For years, the University of Maine’s defense – nicknamed “The Black Hole” – has been the source of the team’s pride.

Maine may have struggled at times offensively, but the defense could always be counted on to either keep a game close or close out a victory.

This year, however, it’s the defense that is struggling. And that’s put the Black Bears teetering on the fringe of the playoffs.

Maine’s defense is giving up an average of 412 yards (ranked 11th in the 12-team Colonial Athletic Association) and 27 points (10th). Much of that falls on the pass defense, which is also ranked 11th and allows an average of 240.6 yards per game.

The defense must take a page from the past if the Black Bears (5-4, 4-2 in the CAA) are going to have a chance of winning their last two games – at Stony Brook (5-4, 4-2) on Saturday and at home against New Hampshire (6-3, 5-1) on Nov. 19 – and getting into the NCAA playoffs. And that means making the plays that they’ve been missing lately.

Maine gave up 326 passing yards in Saturday’s 26-7 loss to Villanova that snapped a five-game winning streak, allowing eight passes of 15 yards or more. That followed a trend that saw the Black Bears give up 285 yards (eight passes of 15-plus yards) in a 35-28 win at William & Mary and 347 yards (11 passes of 15-plus yards) in a 28-21 win at Rhode Island.

“There have been a lot of one-on-one battles lately where we’re just not making the plays,” said Maine Coach Joe Harasymiak. “Being in position is only half the battle. We’ve got to come down with the ball or at least break it up. Guys have got to make plays.”

He pointed to the two touchdown catches by Villanova tight end Ryan Bell. On the first, a throwback to the right corner, Maine safety Sinmisola Demuren fell as he was covering Bell, leaving him open to make the catch. On the second, cornerback Najee Goode was right with Bell, who made a leaping catch at the back of the end zone – getting his foot down inches inside the end line – for the touchdown.

“Simi was all over him, did a great job with his eyes, great job in coverage, and fell,” said Harasymiak. “Najee was all over the kid but takes a peek with his eyes. That’s undisciplined, allows some separation and allows the kid to make a play.”

Perhaps it was unrealistic to expect this year’s defense to dominate as past Maine defenses have. Maine’s secondary is experienced, but still young. And up front Maine had to replace graduated defensive ends Trevor Bates and Mike Kozlakowski, who combined for 12 of the team’s 32 sacks. But Maine players and coaches have high expectations.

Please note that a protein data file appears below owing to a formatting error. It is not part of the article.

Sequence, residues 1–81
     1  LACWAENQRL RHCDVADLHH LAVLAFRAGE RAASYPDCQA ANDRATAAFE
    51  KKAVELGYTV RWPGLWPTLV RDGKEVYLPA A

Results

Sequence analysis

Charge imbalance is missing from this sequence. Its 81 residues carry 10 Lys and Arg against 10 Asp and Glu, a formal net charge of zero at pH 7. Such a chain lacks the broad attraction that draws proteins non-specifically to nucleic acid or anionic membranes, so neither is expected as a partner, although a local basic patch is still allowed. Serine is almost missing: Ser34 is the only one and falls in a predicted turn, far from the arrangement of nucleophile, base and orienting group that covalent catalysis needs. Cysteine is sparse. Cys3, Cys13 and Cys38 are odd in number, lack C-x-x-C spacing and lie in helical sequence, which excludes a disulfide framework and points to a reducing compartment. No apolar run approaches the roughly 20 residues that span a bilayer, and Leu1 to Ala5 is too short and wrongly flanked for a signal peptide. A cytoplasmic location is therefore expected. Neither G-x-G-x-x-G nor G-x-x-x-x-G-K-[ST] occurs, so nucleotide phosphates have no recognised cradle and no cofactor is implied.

Even last year, when Maine was 3-8, the Black Bears were ranked third overall in the CAA (316.8 yards) and second against the run (110.8). But the pass defense – which was ranked as high as first in 2013 (176.9) and second in 2014 (172.2) – showed signs of slipping in 2015. Maine’s pass defense was ranked ninth in the CAA last year, allowing 206 yards per game.

Maine continues to play its aggressive pass coverage, with the corners pressing opposing receivers at the line in one-on-one coverage. But, Harasymiak noted, it’s not that the cornerbacks are getting beat all the time. Much of the damage has come in the seams, along the hashmarks, as opposing teams find holes between Maine’s linebackers and safeties.

“It’s all about eye discipline,” said Harasymiak. “In terms of reading your keys, if your eyes are out of place, as a safety, that can turn bad quickly. Offensively, defensively, when we got in trouble it was the eyes.

“We were undisciplined. And that’s what beat us.”

Corey Hetherman, Maine’s defensive coordinator, said the players start working on their “eye discipline” in the film room, looking over their key responsibilities on each play, and carrying that over to practice. “A couple of times their guys came free when we weren’t locking onto our keys and seeing certain things,” he said.

Maine took away Villanova’s running game, which averages over 210 yards per game and was held to 94, but the Wildcats won, said Villanova Xoach Andy Talley, because sophomore quarterback Zach Bednarczyk “was pin-point accurate and hit everyone in stride.”

One way to take pressure off the secondary is to pressure the quarterback. But the Black Bears have only 13 sacks, 11th in the CAA. They had 32 last year (second), 26 in 2014, 30 in 2013.

“The opportunities are there,” said Hetherman. “We’re just missing.”

Now would be a good time to start making the plays. As Harasymiak said, “Your big-time players step up in big-time games.”

And the games are all big-time now.

FRESHMAN EARNEST EDWARDS was named CAA special teams player of the week for his 97-yard kickoff return for a touchdown against Villanova. That was Maine’s longest return for a score since 2004 when Arel Gordon also had a 97-yard kick-off return.

Edwards finished with 232 yards in offense: 152 on kickoff returns, 54 receiving yards and 26 rushing yards.

“Earnest is extremely talented with the ball in his hands,” said Harasymiak. “We’ve got to try to continue to work him into the offense and get him the ball in space … He gives us a chance to score every time he touches the ball.”